As part of my day job I am responsible for many SharePoint installs, ranging from 2007 up to and including 2013 and I have to say I love it. So recently I enrolled in a week-long course with QA Training. The course tutor was the excellent and quirky Phil Crayford So what did I learn?
Buy one, get one free
When you buy and install SharePoint 2013, you get both 2013 and 2010 bundled together. The official reason:
SharePoint 2013 also maintains a 14 hive for backwards compatibility for SharePoint 2010 customizations
Buy one and get ’99’ gotcha’s free
No matter what the Microsoft documentation says, Sharepoint does not work straight out of the box. Many functions, services and features that you set up through the GUI just do enough setup and config to run, but many won’t work correctly without further tweaks, hacks, and permissions. SharePoint PowerShell is your friend, don’t be afraid of it.
But Microsoft says it’s no longer there
On many occasions this week I have discovered that if Microsoft says they have dropped a feature in SharePoint 2013, the chances are it is still in there, you just can’t see it! A prime example ‘my site usage stats page has disappeared,’ think again! Just suffix your site collection with /_layouts/siteusage.aspx and bingo you can see the page and all your stats.
There is a god!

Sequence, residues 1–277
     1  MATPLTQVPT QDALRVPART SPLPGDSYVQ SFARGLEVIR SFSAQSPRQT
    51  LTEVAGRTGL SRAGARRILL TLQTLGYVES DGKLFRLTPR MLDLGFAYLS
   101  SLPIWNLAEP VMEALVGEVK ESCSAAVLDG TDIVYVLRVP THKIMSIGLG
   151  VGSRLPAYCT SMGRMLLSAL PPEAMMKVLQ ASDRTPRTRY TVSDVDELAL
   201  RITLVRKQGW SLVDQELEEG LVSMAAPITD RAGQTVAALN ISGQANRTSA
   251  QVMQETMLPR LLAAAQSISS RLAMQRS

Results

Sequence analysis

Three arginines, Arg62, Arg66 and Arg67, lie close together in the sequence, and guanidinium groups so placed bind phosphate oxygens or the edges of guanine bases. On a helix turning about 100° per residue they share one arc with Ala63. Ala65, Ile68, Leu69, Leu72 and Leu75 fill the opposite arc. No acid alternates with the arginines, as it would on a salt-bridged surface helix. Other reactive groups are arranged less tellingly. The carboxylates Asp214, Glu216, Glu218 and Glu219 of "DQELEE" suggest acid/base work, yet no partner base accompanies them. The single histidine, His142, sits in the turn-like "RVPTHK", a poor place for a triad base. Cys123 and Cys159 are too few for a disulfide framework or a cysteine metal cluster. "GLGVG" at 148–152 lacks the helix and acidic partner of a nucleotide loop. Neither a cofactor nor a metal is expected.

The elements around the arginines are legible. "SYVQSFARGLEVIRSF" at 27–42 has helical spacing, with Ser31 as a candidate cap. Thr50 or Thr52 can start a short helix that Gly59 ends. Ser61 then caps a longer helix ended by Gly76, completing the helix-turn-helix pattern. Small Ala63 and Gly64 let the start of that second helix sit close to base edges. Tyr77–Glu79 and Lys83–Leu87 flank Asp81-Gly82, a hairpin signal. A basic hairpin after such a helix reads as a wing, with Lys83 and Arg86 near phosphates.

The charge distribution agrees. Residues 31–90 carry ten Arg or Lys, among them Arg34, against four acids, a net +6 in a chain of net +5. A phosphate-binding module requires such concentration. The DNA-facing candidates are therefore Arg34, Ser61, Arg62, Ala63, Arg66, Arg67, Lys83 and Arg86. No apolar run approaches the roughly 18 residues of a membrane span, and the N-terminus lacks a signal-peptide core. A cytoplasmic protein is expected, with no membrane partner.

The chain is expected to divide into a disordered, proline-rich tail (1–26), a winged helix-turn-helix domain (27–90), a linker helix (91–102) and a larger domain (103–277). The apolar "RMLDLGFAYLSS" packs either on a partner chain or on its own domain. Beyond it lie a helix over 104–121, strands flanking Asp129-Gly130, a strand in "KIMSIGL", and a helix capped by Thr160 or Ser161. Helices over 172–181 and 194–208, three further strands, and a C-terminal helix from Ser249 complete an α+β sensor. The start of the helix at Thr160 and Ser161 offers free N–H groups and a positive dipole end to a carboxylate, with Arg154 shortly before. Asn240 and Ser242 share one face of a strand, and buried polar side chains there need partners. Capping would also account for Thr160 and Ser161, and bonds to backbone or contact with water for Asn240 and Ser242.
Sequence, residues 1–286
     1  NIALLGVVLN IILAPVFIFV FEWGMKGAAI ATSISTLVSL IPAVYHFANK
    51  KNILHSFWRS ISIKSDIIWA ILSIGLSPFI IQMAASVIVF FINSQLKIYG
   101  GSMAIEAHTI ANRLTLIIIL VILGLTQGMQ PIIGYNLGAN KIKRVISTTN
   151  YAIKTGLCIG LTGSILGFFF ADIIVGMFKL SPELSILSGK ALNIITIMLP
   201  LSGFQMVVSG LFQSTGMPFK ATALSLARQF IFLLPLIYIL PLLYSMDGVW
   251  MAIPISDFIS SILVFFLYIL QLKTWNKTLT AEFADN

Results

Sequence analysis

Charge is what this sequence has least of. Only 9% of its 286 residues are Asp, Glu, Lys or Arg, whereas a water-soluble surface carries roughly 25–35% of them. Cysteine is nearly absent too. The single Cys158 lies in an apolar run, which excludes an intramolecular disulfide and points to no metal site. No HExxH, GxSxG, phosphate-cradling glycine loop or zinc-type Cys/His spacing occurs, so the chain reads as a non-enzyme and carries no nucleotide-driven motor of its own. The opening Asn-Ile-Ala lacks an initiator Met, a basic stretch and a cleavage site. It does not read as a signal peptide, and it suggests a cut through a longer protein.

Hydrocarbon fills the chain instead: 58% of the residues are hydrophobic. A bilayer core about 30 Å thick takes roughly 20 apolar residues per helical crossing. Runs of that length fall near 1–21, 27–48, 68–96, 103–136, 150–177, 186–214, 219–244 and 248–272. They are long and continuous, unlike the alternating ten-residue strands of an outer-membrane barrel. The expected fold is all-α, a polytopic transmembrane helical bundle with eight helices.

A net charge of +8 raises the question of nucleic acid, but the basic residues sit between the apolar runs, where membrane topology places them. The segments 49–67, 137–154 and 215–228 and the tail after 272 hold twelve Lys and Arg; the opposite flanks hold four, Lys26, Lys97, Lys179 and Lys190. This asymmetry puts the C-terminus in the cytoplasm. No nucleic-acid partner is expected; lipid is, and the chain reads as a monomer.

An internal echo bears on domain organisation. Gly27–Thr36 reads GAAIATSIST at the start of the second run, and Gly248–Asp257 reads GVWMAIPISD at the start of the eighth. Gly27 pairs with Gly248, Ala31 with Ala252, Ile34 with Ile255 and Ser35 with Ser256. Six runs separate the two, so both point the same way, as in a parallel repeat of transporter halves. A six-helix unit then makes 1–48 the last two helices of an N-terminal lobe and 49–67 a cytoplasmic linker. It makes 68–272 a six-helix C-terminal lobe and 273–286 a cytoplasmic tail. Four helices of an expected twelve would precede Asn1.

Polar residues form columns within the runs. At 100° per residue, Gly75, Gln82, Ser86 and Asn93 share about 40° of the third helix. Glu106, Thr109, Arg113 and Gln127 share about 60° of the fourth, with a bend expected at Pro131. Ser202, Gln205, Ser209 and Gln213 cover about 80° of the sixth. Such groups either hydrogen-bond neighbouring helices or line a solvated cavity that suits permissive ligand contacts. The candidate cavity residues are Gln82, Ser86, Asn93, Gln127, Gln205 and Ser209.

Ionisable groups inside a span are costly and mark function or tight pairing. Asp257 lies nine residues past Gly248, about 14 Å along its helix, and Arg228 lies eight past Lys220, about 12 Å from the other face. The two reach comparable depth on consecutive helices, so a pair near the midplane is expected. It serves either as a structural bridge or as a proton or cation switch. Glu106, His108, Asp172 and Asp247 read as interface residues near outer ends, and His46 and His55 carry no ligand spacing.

While there are many ways to trip up with SharePoint, there are many gurus out there that can assist with a helpful walkthrough or two. If you have got a problem and nobody else can help…(the chances are you not the first person to encounter it):
- Spencer Harbar – Harbar.net
- Geoff Evelyn – SharePointGeoff.com
- Wictor Wilén – The blog of Wictor Wilén
Upgrading Sharepoint is a nightmare
Yep, very little has changed there. However, it is getting marginally easier with the number of 3rd parties (pricey) migration tools that now exist, such as (I have not tested any of these nor am I associated with any):
If you don’t believe me just watch
Most of what Microsoft recommended regarding Sharepoint should be treated with a pinch of salt. Recommended RAM, for instance, 12GB – you will quickly run out of RAM given one application pool will use about 5GB in no time.
If you don’t believe me (try it and) just watch
A small SharePoint 2013 farm should have 14 servers! You what now? Realistically who will buy 14 servers? Even with visualisation, it unrealistic.